The FMCSA is determined to find a balance that provides more flexibility to those hauling agricultural commodities.

Current regulations have certain restrictions lacking the flexibility that farmers and commercial drivers need due to the unique realities of hauling agriculture commodities.

Currently, during harvesting and planting seasons, drivers transporting agricultural commodities, including livestock, are exempt from the HOS requirements.

The HOS exemption is called a short haul exemption and applies when the destination of the commodity is within a 150-air-mile radius from the source.

Each individual state is currently determining HOS requirements for agricultural commodities.

The advanced rule (ANPRM) authored by FMCSA was prompted by indications that the current definition of these terms may not be understood or enforced consistently when determining whether the HOS exemption applies.

The FMCSA is encouraging all commercial motor vehicle stakeholders to provide feedback on how the current definitions impact safety, compliance, and enforcement. More specifically, the FMCSA wants to hear from those transporting agricultural commodities and livestock.

Canadian ELD mandate for commercial vehicles


Commercial driver fatigue is a long-standing road safety issue that the United States has addressed through the use of ELDs. Canada is following suit with the Canadian ELD mandate.

The Canadian government is committed to improving road safety for all Canadians and is falling in line with the US to address this issue through the implementation of the Canadian ELD mandate.

As a result of a longstanding collaboration among all levels of government and industry partners, this past June, the Honorable Marc Garneau, Minister of Transport, mandated the use of ELDs or electronic logging devices by federally regulated commercial truck and bus operators.

The Canadian ELD mandate requiring the use of ELDs will go into effect on June 12, 2021 and will replace paper-based daily logbooks.

What is an ELD or electronic logging device?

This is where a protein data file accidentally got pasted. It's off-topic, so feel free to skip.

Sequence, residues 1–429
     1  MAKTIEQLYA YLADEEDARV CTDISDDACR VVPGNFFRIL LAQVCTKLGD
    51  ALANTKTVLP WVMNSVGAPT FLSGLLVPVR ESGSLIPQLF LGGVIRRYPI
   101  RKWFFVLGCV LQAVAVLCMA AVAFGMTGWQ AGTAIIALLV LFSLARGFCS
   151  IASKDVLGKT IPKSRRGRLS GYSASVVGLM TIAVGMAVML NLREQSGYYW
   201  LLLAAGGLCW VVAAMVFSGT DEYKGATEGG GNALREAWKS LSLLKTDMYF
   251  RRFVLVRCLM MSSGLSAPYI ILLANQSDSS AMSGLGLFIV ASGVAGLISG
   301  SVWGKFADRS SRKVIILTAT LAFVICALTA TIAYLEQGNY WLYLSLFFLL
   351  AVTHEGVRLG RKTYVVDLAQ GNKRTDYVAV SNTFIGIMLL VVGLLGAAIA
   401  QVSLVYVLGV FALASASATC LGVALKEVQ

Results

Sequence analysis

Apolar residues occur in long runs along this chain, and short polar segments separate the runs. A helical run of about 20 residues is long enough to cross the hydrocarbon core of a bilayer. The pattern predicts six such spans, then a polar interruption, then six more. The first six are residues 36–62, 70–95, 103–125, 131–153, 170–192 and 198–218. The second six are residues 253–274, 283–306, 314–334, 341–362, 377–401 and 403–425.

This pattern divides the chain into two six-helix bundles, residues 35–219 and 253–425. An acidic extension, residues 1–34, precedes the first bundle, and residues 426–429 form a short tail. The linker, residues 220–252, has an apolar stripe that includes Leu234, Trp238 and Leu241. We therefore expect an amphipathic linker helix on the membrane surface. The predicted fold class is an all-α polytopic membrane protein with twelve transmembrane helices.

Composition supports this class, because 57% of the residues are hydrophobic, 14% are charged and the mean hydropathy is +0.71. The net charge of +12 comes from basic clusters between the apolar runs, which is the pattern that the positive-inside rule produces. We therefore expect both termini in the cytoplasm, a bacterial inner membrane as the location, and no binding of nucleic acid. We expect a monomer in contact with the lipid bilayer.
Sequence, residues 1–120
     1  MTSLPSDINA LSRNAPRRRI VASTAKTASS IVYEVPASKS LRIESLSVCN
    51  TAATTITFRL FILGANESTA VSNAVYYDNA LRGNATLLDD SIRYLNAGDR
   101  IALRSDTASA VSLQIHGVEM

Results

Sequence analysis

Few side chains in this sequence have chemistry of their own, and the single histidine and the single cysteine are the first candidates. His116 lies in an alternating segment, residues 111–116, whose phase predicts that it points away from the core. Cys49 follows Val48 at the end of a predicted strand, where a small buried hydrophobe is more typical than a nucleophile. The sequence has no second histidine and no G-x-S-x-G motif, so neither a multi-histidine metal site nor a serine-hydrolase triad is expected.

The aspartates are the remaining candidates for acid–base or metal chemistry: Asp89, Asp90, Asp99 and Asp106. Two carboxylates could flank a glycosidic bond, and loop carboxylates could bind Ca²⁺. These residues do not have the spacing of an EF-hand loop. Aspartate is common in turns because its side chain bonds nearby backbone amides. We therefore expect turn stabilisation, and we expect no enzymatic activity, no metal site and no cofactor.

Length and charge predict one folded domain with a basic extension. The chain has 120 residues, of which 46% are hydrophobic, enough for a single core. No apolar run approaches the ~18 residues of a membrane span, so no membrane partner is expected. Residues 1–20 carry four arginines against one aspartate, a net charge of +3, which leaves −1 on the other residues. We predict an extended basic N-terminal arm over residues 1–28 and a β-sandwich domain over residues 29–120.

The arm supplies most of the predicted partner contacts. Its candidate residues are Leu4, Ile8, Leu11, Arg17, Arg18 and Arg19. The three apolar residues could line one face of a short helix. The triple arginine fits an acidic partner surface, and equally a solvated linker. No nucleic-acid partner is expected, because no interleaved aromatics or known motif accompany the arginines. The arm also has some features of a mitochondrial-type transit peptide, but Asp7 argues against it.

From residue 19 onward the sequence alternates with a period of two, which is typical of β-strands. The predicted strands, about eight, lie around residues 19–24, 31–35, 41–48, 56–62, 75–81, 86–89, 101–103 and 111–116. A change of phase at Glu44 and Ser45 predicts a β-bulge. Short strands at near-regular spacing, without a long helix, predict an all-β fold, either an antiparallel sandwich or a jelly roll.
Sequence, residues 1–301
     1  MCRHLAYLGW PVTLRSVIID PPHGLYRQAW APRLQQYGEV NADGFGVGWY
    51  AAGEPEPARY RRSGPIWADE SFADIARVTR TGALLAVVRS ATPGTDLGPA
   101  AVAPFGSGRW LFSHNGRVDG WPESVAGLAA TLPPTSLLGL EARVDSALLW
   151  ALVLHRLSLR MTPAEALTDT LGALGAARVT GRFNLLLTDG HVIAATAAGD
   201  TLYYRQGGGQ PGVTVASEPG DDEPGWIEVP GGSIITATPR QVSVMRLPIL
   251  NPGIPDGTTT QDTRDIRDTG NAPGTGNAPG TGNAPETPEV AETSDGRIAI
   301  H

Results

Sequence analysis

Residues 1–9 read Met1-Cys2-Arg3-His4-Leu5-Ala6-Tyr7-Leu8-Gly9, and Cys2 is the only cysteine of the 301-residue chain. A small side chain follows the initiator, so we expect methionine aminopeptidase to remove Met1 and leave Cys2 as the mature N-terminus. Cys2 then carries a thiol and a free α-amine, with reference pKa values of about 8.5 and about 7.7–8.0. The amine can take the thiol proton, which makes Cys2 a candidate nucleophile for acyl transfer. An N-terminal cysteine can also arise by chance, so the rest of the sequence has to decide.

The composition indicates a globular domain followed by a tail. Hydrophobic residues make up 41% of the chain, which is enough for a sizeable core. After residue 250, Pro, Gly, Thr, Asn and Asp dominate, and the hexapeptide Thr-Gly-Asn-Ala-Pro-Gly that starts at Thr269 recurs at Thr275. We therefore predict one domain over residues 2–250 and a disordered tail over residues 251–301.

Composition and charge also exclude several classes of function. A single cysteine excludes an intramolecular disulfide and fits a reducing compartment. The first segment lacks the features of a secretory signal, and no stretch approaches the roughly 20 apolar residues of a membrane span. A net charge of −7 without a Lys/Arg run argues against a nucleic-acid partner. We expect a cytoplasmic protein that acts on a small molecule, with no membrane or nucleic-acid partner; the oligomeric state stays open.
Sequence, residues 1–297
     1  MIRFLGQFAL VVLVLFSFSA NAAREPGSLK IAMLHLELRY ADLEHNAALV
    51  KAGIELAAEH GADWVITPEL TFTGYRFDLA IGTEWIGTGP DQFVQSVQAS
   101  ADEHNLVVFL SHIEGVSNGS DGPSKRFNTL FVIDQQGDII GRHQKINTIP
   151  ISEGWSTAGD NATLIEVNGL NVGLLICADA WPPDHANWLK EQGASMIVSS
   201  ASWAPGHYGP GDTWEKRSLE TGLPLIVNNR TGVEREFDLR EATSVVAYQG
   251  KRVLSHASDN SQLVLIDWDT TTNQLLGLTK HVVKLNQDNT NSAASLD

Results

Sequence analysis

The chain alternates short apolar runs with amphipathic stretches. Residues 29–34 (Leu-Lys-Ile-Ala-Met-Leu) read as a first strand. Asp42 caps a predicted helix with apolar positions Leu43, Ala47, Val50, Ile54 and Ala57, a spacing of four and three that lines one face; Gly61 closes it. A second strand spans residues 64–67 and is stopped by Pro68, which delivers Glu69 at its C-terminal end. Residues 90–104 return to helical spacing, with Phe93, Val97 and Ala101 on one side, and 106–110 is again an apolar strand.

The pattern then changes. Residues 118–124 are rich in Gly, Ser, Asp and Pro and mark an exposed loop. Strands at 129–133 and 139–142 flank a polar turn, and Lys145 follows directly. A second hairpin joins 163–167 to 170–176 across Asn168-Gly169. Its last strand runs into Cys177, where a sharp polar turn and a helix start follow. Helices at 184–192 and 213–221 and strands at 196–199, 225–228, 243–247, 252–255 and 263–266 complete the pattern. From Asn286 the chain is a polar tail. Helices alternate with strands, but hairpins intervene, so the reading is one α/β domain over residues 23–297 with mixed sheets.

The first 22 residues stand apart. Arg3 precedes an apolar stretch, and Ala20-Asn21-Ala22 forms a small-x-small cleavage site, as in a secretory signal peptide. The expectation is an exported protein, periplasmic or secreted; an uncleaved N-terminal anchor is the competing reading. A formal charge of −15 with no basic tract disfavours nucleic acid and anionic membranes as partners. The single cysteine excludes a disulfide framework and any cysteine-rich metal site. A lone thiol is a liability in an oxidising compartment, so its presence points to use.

Electronic logging devices are tamper-resistant devices that are integrated into commercial vehicle engines. The devices track when and how long drivers have been at the wheel, and ensure they are complying with the Commercial Vehicle Drivers Hours of Service Regulations.

There are many advantages to using ELDs, but the main purpose is to ensure that commercial drivers remain within their daily driving limit and accurately log their working hours. If commercial drivers are not within the regulated limit, there may be fines associated with the violation.

The use of ELDs also reduces administrative burdens, such as eliminating the need for paper daily logs and reducing the time enforcement officers need to verify regulatory compliance.

These new electronic logs for truckers are aligned with the United States road safety regulations and will support economic growth, trade, and transportation on both sides of the border.

After extensive research and consultation, Transport Canada has implemented a third-party certification process will be put in place to ensure that the electronic logging devices will be accurate and reliable.

Other important facts about the Canadian ELD mandate:

  • Transport Canada is committed to aligning with vehicle regulations in the United States.
  • Aligning Canadian and US electronic logging device regulations will allow Canadian and US operators to use the same logging device in both countries.
  • Transport Canada estimates that requiring the use of electronic logs for truckers will reduce the risk of fatigue-related collisions by approximately 10 percent.